Female Movie Stars Can Be Mean If They Are Hot Study Finds

Summary
The study examines the ways in which the representation of a heroine in the media affects the expectations of people from women in real life. Groups of volunteers were shown clips from movies in which the heroine was either physically attractive or not, and either aggressive or not. Watching an attractive and aggressive heroine resulted in the viewers’ approving both feminine and masculine traits in women. The endorsement of aggression, a stereotypically masculine trait, was probably due to a feeling that the heroine was a good standard for the women to follow.

Introduction
Beauty and nurturing are stereotypical female traits, while aggression and confidence are stereotypical male traits. This study examines the effect of the representation of women in the media as an attractive and/or aggressive personality on the expectations of society from women. Previous studies demonstrate that the depiction of the heroine as attractive and aggressive results in increased aggression in young female viewers. Also, the stereotype presented in the media is extrapolated to other aspects of gender expectations. “Physical attractiveness has been demonstrated to function as a cue for judgments of a wide range of traits; attractive individuals are judged to be more capable, skilled, intelligent and socially skilled.” The effect of media on viewers goes beyond what is represented, is stronger than that of parents and friends, and is seen at an early age.

Methods
* In this study, 122 volunteers between ages 18 and 29 were divided randomly into groups and were given questionnaires to fill before showing them appropriate movie clips.
* The movie clips were from aggressive and non-aggressive roles of Angelina Jolie and Kathy Bates (attractive and non-attractive heroines). The volunteers then noted their gender role expectations and their opinions about how good a role model the heroine was, and how attractive she was.
* All the questions were geared toward clarifying gender role expectations based on a broad variety of behaviors — feminine as well as masculine.

Results
* Angelina Jolie was considered attractive in aggressive and non-aggressive conditions.
* Aggressive behavior from the attractive heroine was considered more feminine than from the unattractive heroine.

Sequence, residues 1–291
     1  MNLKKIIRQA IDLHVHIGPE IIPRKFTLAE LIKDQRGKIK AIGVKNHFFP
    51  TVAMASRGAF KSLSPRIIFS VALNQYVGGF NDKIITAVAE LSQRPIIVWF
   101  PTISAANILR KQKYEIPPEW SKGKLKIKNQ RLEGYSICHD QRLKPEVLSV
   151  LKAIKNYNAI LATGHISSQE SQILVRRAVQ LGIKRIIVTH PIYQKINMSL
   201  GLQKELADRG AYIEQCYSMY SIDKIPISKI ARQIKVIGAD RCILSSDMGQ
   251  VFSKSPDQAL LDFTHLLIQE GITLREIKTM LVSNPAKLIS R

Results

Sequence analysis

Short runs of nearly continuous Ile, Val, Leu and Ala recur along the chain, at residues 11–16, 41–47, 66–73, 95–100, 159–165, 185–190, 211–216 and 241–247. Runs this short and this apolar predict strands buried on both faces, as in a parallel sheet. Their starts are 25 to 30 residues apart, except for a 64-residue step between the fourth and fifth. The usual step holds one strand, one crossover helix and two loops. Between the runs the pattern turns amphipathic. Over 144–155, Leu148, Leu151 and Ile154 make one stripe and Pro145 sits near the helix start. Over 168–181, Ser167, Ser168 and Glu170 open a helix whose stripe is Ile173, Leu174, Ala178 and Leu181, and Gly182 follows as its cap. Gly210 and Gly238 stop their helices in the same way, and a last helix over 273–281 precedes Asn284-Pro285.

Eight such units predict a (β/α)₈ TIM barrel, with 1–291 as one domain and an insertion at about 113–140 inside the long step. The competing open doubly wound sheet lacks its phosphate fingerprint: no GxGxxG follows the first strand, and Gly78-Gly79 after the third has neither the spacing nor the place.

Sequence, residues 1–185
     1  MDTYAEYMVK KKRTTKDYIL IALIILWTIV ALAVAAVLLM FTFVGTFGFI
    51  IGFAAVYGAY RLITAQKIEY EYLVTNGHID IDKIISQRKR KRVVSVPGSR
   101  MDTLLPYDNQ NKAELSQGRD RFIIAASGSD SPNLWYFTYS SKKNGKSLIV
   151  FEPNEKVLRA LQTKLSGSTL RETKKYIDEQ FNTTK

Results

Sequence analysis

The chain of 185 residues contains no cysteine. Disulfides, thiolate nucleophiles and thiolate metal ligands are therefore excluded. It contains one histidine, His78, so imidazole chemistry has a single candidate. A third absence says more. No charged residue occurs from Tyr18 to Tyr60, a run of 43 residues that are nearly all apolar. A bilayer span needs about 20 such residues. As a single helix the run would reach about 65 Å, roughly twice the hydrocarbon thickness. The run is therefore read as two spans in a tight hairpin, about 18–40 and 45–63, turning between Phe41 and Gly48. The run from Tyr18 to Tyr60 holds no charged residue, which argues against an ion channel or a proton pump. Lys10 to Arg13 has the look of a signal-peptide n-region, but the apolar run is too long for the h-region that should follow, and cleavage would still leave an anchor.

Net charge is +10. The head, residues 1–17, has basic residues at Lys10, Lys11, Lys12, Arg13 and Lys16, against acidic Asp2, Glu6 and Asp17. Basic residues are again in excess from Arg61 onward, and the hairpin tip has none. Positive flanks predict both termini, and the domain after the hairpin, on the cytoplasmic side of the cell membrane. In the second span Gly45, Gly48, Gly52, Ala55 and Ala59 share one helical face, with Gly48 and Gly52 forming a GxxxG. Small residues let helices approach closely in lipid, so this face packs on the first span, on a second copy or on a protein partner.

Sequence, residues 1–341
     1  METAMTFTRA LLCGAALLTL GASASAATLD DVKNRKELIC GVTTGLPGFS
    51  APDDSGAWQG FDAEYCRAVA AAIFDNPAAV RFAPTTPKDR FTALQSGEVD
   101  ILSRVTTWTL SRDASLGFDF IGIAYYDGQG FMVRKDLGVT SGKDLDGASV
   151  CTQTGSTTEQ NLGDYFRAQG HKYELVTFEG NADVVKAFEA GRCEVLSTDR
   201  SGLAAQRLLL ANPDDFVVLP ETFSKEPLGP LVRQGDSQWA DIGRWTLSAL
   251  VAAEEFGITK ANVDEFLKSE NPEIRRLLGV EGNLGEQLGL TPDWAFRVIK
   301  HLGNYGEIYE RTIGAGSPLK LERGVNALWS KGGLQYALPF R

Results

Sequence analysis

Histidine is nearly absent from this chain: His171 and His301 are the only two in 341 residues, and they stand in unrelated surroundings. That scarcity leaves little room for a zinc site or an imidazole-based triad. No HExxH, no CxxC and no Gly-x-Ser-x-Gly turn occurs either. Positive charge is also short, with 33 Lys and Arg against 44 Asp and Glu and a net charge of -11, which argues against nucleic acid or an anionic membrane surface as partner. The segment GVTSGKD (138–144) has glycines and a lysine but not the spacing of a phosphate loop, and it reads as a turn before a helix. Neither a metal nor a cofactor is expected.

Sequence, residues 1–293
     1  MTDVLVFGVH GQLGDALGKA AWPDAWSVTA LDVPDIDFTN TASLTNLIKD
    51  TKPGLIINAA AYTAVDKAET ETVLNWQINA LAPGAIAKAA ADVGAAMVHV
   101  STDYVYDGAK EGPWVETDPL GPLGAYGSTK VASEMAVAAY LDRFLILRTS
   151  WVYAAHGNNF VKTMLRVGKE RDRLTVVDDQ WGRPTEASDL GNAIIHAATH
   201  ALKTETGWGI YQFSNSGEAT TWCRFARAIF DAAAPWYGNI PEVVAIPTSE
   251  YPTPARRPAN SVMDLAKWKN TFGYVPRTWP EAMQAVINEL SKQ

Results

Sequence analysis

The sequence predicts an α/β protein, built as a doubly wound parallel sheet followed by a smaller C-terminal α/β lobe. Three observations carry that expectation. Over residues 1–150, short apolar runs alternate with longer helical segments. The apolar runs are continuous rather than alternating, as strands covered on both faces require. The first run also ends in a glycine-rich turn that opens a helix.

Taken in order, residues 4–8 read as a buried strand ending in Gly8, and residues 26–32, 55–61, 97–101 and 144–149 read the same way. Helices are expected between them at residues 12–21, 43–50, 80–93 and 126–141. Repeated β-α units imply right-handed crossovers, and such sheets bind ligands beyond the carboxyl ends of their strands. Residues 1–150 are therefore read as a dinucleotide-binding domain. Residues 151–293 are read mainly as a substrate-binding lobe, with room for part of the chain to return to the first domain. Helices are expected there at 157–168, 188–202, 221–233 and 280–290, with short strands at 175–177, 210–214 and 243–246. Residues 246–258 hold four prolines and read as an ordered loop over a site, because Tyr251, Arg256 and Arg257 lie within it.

* Aggressive behavior was accepted more readily from the stereotypically attractive heroine than from the unattractive one.
* The volunteers who viewed the attractive, aggressive heroine approved of her as a role model for women, but those who viewed the unattractive, aggressive heroine did not approve of her being a role model for women.

Shortcomings
It is unclear why the attractive, non-aggressive heroine did not cause greater approval of the stereotypically feminine gender role expectations. Activation of other stereotypes triggered by the clothes and the general effectiveness of the depicted scene may have affected certain perceptions of the viewers. Future research should address the possibility that when considering women, the mind is subconsciously looking for feminine stereotypes. Also, the participants enrolled in the study should be more diverse.

Conclusion
Watching the beauty and aggression of a heroine on the silver screen increased an overall societal expectation of women to be like her. A woman was expected to have feminine as well as masculine traits of behavior—in short, the traits of a superwoman. These expectations, now doubled, came mostly from women themselves. Also, aggression brought about expectations of a masculine role in the female gender, but only when the woman was also attractive, a feminine characteristic. Physical attractiveness created a perception that the heroine was a good role model for women, as did aggressiveness. This could be because aggression, in this study, brought triumph, as a desirable result.

For More Information:
Watching Aggressive, Attractive, Female Heroines Shapes Gender Roles for Women among Male and Female Undergraduate Viewers
Publication Journal: Sex Roles, March 2011
By Laramie Taylor; Tiffany Setters; University of California, Davis

*FYI Living Lab Reports Are Summaries of the Original Research.